Is the UAE Gearing Up to Annex Yemen’s Socotra Island?

The UAE has taken over Socotra after setting up a military base on the Yemeni island and carrying out extensive social and economic development. Is the UAE merely providing humanitarian and economic aid or is it laying the groundwork for the island's future “secession” from mainland Yemen?
Is the UAE Gearing Up to Annex Yemen’s Socotra Island
Dragon's Blood Tree, Socotra Island, Yemen/Photo by Rod Waddington.

The Yemeni island of Socotra, dubbed the “Jewel of Arabia,” is located in the Gulf of Aden near the Horn of Africa, 217 miles off the southern coast of Yemen and 817 miles from Abu Dhabi as the crow flies. In recent years, Socotra has become the focal point of a power struggle between Yemen and the United Arab Emirates (UAE).

A Saudi-UAE-led coalition launched a military intervention in Yemen in 2015 to support the country’s internationally-recognized government in an insurgence by Yemeni rebels, known as the Houthis or Ansarullah movement, backed by Iran.

A Saudi-UAE-led coalition launched a military intervention in Yemen in 2015 to support the country’s internationally-recognized government in an insurgence by Yemeni rebels, known as the Houthis or Ansarullah movement, backed by Iran. Although the Houthis have come nowhere near Socotra, the UAE has been using the strategic placement of the UNESCO-protected island to expand its regional power.

Socotra, which has been largely forgotten in the ongoing Yemeni crisis, has been a focal point of the UAE. After Socotra was devastated by the Chapala and Megh cyclones in November 2015, the UAE provided significant humanitarian aid to the island’s residents. It launched several projects to improve infrastructure, including the rebuilding and development of schools, hospitals, and roads.

Throughout 2016, Emiratis sent plane loads of food and supplies to the inhabitants of Socotra. By October 2016, the 31st planeload of medical and other supplies from the UAE had landed on the island. By March 2017, the UAE had sent millions of dollars to the island. Yet, these efforts continue to raise questions as to the Gulf country’s long-term intentions.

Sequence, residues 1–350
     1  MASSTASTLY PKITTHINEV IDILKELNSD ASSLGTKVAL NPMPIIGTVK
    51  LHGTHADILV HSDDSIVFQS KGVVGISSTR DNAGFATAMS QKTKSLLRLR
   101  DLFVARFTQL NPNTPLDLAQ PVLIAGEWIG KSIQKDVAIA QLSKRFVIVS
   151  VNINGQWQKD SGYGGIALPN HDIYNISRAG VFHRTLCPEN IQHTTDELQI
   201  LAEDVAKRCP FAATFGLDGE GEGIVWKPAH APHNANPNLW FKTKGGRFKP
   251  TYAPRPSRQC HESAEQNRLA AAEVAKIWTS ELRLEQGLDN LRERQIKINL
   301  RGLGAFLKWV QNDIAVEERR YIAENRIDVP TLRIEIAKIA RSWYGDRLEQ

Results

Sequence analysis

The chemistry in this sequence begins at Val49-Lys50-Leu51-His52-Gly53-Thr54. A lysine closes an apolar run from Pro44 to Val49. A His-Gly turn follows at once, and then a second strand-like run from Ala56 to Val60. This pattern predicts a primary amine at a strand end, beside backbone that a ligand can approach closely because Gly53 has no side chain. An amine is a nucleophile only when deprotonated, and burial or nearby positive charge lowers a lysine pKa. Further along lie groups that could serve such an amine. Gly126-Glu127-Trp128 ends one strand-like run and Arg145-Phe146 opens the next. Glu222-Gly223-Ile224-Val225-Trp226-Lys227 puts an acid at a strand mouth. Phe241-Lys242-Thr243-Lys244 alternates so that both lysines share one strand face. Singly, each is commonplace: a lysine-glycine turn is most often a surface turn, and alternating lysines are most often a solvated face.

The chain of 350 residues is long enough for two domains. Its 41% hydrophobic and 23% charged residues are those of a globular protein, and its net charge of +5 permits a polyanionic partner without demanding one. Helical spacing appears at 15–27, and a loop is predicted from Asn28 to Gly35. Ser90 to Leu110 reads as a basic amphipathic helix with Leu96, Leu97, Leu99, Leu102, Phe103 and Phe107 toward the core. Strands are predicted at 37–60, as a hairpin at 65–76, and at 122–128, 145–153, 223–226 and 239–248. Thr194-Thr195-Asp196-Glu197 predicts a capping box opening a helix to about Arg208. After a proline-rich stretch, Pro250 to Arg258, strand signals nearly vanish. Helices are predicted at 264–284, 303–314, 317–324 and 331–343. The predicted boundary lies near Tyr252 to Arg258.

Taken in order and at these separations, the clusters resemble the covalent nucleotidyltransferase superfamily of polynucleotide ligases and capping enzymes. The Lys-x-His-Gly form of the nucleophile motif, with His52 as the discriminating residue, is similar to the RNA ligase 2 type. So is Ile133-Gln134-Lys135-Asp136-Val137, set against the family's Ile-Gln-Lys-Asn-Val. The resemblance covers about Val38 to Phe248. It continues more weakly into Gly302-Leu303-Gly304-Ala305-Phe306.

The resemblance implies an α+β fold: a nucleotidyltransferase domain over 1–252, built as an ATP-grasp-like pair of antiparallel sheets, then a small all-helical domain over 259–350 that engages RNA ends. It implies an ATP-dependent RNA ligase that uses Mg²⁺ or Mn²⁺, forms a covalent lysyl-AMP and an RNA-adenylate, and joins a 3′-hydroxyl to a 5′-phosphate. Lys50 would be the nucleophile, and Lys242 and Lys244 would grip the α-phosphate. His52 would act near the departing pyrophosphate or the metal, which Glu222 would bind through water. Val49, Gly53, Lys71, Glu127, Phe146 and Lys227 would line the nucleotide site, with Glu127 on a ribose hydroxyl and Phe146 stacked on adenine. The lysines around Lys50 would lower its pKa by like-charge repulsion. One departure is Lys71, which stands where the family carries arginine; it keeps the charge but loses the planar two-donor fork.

Why Socotra?

Since Dubai’s Jebel Ali became the most congested port in the Middle East, the UAE has started building and expanding other ports in the Red Sea and the Arabian Gulf to monopolize the area and undermine Iran’s influence as it too tries to gain control of the major shipping channel.

In fact, Socotra is  strategically located  in the middle of one of the world’s most important oil trading routes. The UAE intends to become central to a future East-West trading route, according to academic Andreas Krieg. Socotra’s location would enable the UAE to control the trade that goes through the Suez Canal and the Bab al-Mandeb Strait between Yemen and the Horn of Africa.

The UAE stationed tanks and troops on Socotra in May 2018, seeking to boost its presence and consolidate its power in the channel.

The UAE stationed tanks and troops on Socotra in May 2018, seeking to boost its presence and consolidate its power in the channel. In the same month, the UAE established a military base on the island, seizing Socotra’s airport and seaport and building maritime infrastructure and communication networks.

This move is a “mix of the UAE’s both hard and soft power strategies both in Yemen and in the wider sort of Horn of Africa region,” said Bethan McKernan, journalist and author of the first witness report on UAE troops in Socotra.

The UAE’s military base has created up to 5,000 new jobs. The UAE also conducted a census for the island’s population, took a number of Socotris to Abu Dhabi to receive free medical examinations, and even offered some special permits to work in the UAE.

As the island is home to extraordinary and unique flora and fauna, Abu Dhabi’s move has been seen by some as a quest to transform Socotra not only into a permanent Emirati military base, but also an important holiday resort. Emirati businessmen are planning to build luxurious hotels across the island, according to McKernan.